Lyme and Other Tick-Borne Disease

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We, the undersigned concerned citizens of the United States of America, respectfully express our support for the expedient passage of the Lyme and Tick-Borne Disease Prevention, Education, and Research Act of 2005. (S.1479, H.R. 3427). This bill, which can be viewed at, provides for the expansion of Federal efforts concerning the prevention, education, treatment, and research activities related to Lyme and other tick-borne diseases, including the establishment of a Tick-Borne Diseases Advisory Committee.

The bacteria which causes Lyme disease, Borrelia burgdorferi, was discovered in 1982. Although 24 years have passed since this discovery, we still lack accurate testing and live with controversy in the medical field over the diagnosis, symptoms and treatment of this devastating illness.

Many mistakenly believe that Lyme disease is definitively diagnosed by a simple blood test. In fact, the standard blood tests used to test for Lyme disease have been shown in several studies to produce an unacceptable number of both false negative and false positive results. The College of American Pathologists Proficiency Testing Program has concluded based on its own study that these tests will not be useful as screening tests until their sensitivity is improved.

While developing an accurate Lyme test would be ideal, the diagnosis of Lyme disease could be improved through an increased awareness of the clinical presentation of this disease. It is widely recognized that a bulls-eye rash and joint pain/arthritis are symptomatic of Lyme disease. In spite of extensive research, it is less well known that the Lyme rash is often not in bulls-eye form, that many never develop a rash, and that Lyme can produce psychiatric, cardiac and cognitive symptoms. Clinical observations and preliminary studies suggest many other symptoms may be indicative of Lyme. Further study in this area is critical to improving the clinical recognition of Lyme disease.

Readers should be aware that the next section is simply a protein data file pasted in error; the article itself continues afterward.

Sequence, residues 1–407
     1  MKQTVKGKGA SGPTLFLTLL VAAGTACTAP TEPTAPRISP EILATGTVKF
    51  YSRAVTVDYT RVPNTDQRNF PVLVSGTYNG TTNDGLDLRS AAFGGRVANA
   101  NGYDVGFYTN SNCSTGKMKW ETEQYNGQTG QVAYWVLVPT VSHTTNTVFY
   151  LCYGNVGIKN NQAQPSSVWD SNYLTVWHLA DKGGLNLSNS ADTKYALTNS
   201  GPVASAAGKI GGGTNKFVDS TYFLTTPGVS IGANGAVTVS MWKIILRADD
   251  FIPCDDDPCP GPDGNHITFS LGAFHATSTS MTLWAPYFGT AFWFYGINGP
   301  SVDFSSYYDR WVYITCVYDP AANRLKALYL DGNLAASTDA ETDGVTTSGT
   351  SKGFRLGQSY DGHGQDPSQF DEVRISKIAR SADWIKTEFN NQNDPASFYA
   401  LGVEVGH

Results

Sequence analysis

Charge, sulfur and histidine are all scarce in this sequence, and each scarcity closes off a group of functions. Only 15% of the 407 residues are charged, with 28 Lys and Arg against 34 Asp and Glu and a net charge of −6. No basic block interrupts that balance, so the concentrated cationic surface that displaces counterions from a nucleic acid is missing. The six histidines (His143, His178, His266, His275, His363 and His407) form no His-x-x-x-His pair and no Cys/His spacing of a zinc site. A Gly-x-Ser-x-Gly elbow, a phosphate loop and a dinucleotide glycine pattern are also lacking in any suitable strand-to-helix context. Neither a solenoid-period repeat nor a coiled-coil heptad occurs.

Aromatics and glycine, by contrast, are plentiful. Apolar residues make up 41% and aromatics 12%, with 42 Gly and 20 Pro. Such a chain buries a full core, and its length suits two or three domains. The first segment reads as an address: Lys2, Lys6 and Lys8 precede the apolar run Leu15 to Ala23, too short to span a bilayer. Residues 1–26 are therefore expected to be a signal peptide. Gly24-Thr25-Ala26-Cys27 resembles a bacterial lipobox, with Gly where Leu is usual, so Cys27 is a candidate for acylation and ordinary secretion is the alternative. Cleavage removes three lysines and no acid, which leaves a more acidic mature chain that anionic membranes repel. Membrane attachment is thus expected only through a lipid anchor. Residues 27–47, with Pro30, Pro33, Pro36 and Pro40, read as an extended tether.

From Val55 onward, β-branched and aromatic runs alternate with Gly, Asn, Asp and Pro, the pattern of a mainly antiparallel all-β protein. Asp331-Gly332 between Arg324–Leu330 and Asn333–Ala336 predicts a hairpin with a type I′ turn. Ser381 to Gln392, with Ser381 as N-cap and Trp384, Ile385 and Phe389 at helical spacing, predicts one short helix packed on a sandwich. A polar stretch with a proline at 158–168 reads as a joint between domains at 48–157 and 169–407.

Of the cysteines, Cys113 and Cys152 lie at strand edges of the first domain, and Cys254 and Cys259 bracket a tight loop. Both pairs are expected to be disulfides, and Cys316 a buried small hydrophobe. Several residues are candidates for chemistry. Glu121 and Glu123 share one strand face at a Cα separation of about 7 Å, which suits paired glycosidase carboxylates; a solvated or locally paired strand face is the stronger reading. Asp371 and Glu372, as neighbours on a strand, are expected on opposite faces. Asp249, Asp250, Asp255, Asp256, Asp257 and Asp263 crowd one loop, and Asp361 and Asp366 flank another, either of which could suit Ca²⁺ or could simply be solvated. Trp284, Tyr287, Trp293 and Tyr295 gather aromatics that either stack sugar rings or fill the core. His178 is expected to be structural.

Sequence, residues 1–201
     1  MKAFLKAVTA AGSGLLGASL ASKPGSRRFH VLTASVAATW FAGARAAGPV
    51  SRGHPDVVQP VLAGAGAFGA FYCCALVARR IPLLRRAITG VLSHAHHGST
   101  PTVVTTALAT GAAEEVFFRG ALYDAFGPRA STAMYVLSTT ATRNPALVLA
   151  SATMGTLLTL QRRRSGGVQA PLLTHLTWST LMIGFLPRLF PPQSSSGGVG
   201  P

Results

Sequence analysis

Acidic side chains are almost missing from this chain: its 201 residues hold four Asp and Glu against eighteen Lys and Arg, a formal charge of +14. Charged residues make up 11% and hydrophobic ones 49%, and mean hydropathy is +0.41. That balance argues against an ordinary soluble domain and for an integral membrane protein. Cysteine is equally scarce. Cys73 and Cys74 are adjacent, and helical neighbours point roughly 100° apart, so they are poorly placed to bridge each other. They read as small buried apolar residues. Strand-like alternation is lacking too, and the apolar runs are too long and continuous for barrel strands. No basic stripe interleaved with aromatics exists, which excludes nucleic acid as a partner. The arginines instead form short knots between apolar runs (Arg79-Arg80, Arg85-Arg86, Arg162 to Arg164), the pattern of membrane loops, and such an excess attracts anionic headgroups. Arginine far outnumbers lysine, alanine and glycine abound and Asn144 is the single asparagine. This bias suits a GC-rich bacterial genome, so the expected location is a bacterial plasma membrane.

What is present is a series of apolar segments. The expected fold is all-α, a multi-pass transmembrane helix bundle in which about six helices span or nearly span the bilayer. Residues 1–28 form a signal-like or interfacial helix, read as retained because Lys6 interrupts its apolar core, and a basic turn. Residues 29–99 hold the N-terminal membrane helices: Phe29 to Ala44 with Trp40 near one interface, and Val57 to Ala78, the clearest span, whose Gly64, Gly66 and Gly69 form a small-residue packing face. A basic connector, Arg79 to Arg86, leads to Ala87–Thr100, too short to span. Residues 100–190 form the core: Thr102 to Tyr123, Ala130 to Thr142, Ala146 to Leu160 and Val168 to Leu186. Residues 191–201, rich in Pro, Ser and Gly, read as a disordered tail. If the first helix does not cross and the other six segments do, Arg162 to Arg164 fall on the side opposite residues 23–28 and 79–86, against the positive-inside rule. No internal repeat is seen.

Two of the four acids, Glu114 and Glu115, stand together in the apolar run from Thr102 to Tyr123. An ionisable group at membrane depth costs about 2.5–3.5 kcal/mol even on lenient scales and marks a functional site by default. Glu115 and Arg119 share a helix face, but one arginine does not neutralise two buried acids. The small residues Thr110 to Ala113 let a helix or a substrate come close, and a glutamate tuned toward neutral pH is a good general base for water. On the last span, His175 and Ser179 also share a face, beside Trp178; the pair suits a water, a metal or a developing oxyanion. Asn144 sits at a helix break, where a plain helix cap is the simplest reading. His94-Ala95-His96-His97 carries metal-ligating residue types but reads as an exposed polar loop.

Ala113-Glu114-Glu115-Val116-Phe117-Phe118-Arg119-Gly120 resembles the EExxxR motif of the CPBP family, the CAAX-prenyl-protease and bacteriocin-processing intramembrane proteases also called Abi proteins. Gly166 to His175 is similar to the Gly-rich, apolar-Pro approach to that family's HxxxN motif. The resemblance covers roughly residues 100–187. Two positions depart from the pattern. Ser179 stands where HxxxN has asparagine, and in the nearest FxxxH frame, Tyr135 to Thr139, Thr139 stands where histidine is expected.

A lack of consensus in the medical community regarding the most effective treatment, particularly for chronic cases, adds yet another layer of uncertainty to the understanding of this disease. Among the most important issues in this regard is the long-term use of antibiotics for the treatment of chronic Lyme. One school of thought limits their use to four weeks, while the other supports their use for longer periods when clinically indicated. Quality research in this area has been remarkably sparse, is long overdue, and is a necessary step towards effective treatment.

Lyme disease is more prevalent in some areas, however, ticks carrying the Lyme bacteria have been found in 48 states. In addition, due to frequent travel and relocation in the United States, people in every state are afflicted with this disease. It is imperative that doctors in all states are able to diagnose and treat Lyme disease and other tick-borne diseases accurately.

Due to the debilitating nature of the disease, particularly in its chronic form, people are often forced into long periods of leave from work or school; causing financial burdens on Lyme victims, their employers, and taxpayers. Because the disease becomes harder to treat the longer it is allowed to progress, more effective diagnosis will yield shorter treatment times, and lower costs to all involved parties. It is our hope that the passage of this bill will result in significant progress in the diagnosis, treatment and prevention of Lyme and other tick-borne diseases.